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April 16, 2009 11:26 AM   Subscribe

Brain Researchers Open Door to Editing Memory : spotless minds might be closer than we think.
posted by grapefruitmoon (20 comments total) 5 users marked this as a favorite
If things have gone wrong, I'm talking to myself, and you've probably got a wet towel wrapped around your head.
posted by It's Raining Florence Henderson at 11:48 AM on April 16, 2009 [8 favorites]

Good. Now I can erase memories of having watched Memento and then keep watching it over and over again with that first-time wonderment.
posted by Lucubrator at 11:49 AM on April 16, 2009 [1 favorite]

The advantage of alcoholism is everything you did that you would usually want to forget you find out about second-hand.
posted by Astro Zombie at 11:50 AM on April 16, 2009 [1 favorite]

SG: I'll tell you what we do, we order one of those mind erasing kits.

M: You already have one.

SG: If I already had one, don't you think I'd remember that?
posted by solipsophistocracy at 11:55 AM on April 16, 2009 [2 favorites]

You edit your own memories all the time without any drugs. The retrieval process itself changes memory.

Emotional memory editing using drugs was also mentioned on Radiolab.
posted by parudox at 12:00 PM on April 16, 2009

So basically, the researcher says, "Hey, we made rats forget stuff, maybe everything, we don't know, they're rats, but the really cool part is that we might be able to improve memory in Alzheimer's patients!," and the article says, "ZOMG u ken eras memry!!! LOL and also maybe help people except that SCIENCE IS EVIL."
posted by uncleozzy at 12:03 PM on April 16, 2009

(Okay, it's not quite that bad, but the tone seems wrong.)
posted by uncleozzy at 12:04 PM on April 16, 2009

Pleeze leave some flowers on Algernons grave if you get the chanse...
posted by Guy_Inamonkeysuit at 12:36 PM on April 16, 2009 [2 favorites]

I think I might have read this before.
posted by yhbc at 12:41 PM on April 16, 2009

There is the kernel of a truly horrifying story here about someone using this technology to maliciously delete some victimized person's memory a little bit at a time, slowly driving them crazy.

I mean, I'm not gonna write it, but it's there.

As for the implications in potentially treating Alzheimer's, hell yeah! Go science!
posted by quin at 12:56 PM on April 16, 2009

posted by msittig at 1:18 PM on April 16, 2009


Single Link Not You Tube?
posted by It's Raining Florence Henderson at 1:23 PM on April 16, 2009

Guy_Inamonkeysuit: "Pleeze leave some flowers on Algernons grave if you get the chanse..."

Wow, that just took me right back to when I was 12 or so and I read "Flowers for Algernon" for the first time in some collection of science fiction short stories. I think I actually cried...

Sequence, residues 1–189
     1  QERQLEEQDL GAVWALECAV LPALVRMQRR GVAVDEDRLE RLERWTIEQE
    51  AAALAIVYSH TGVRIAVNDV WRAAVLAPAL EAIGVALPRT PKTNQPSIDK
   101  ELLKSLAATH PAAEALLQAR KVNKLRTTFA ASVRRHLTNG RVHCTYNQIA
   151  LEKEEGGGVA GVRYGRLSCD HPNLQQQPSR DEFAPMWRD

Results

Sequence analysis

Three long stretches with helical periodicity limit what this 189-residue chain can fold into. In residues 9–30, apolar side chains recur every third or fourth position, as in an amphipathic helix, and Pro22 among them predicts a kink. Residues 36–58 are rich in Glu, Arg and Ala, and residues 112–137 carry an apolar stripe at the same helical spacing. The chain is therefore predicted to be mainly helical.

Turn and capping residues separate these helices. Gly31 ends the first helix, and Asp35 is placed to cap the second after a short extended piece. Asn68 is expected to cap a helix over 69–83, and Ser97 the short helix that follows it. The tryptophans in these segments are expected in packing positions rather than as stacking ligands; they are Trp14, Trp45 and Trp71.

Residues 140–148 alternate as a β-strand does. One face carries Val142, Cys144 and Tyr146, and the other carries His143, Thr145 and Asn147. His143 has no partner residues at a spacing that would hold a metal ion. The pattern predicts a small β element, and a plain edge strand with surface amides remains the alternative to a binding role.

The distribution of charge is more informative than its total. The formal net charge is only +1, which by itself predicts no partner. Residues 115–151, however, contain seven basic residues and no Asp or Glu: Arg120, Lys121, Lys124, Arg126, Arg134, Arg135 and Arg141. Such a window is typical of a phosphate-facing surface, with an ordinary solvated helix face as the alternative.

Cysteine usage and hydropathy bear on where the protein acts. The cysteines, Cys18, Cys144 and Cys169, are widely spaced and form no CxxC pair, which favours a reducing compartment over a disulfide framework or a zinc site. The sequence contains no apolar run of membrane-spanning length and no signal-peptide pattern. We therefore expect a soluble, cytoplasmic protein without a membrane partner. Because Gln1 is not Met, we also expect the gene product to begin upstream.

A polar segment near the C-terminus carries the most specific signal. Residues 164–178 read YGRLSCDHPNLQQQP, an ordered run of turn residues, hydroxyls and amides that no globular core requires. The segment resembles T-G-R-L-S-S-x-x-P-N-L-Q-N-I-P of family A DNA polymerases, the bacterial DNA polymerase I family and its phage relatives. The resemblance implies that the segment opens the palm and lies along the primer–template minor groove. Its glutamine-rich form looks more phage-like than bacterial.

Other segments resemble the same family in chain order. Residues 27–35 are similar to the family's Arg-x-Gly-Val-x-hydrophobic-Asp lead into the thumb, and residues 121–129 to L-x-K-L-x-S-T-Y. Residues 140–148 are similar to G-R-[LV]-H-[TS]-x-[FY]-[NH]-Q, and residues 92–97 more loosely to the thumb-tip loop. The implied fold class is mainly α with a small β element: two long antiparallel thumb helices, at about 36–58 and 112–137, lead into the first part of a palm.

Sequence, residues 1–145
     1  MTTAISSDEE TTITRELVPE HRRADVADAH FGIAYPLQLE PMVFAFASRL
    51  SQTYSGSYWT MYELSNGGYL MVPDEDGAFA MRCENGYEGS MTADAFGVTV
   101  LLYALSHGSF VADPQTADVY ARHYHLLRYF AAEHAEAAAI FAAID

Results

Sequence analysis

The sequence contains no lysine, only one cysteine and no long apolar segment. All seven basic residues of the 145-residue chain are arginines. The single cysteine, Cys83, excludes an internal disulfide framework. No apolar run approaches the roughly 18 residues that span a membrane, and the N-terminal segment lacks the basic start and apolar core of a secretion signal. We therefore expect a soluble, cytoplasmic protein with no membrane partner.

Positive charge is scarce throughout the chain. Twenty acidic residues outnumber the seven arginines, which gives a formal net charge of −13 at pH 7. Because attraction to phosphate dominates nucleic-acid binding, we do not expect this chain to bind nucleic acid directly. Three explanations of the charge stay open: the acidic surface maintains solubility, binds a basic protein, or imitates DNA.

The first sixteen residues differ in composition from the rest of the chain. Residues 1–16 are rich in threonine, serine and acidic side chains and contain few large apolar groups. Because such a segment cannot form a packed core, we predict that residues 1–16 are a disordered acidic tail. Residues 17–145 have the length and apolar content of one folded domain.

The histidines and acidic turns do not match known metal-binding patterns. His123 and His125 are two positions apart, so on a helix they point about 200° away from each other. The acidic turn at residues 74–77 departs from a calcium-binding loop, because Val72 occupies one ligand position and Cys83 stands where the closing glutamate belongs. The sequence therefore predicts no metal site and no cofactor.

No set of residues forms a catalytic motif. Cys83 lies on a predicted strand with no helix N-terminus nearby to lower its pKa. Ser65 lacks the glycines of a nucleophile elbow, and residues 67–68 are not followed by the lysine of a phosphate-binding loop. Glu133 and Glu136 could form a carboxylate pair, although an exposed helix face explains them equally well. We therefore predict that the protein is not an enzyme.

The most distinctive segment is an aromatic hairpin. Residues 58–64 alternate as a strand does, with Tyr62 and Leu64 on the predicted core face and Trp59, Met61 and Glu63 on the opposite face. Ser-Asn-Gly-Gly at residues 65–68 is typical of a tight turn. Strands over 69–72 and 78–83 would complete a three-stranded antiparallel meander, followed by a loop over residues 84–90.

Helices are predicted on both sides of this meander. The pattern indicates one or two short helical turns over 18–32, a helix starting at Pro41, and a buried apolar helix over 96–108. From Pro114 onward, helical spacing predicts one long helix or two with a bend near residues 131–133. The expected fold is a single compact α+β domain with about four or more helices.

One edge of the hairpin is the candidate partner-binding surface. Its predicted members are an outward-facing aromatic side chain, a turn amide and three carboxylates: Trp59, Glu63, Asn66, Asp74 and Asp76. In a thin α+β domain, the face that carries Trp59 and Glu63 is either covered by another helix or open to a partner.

I guess my memory hasn't been erased yet. Or maybe it's a false one? It's all so confusing... someone get me a drink!
posted by Hairy Lobster at 3:01 PM on April 16, 2009

I actually discussed the paper referenced in a related post at my department's journal seminar series (two grad students or postdocs present an article every week). Reaction was, shall we say, mixed.

One thing I took away from the research for that presentation, was that this stuff has been around FOR EVER. As in, scientists were playing around with forcing selective amnesia (and then recovering the erased memories!) in the 1950's and then the literature kind of died down and most people forgot about it. Lots of things can do this. Hypoxia, extreme cold, a wide variety of drugs. The key is what parudox mentioned, that the act of remembering places a memory in a very fragile state, then alters the memory contingent upon whatever is happening during the remembering. This opens the door to serious shenanigans, especially when drugs are in play (although therapy can also be extremely effective at altering memories, for better or worse).

Many of the older techniques for induced selective amnesia were in fact reversible (I don't know about the newer ones ---the Tsien paper didn't try very hard). Animals would exhibit amnesia, but they could then be prompted (under the right protocols) to exhibit at least partial recovery of the memories. The brain is complicated, it isn't a tape recorder.
posted by Humanzee at 5:38 PM on April 16, 2009 [2 favorites]


posted by mazola at 9:29 PM on April 16, 2009

Or is it?
posted by mazola at 9:30 PM on April 16, 2009

I suppose I should take a more reasonable scientific perspective, but all I can think of is a quotation from The Invisibles.
posted by gryftir at 11:28 PM on April 16, 2009

My darling daughter seems to edit her memory all the time. So much we have to learn from the eight year olds!
posted by IndigoJones at 6:29 AM on April 17, 2009

A Scanner Darkly.

And a lot of Phil Dick in general.
posted by Guy_Inamonkeysuit at 7:36 AM on April 17, 2009

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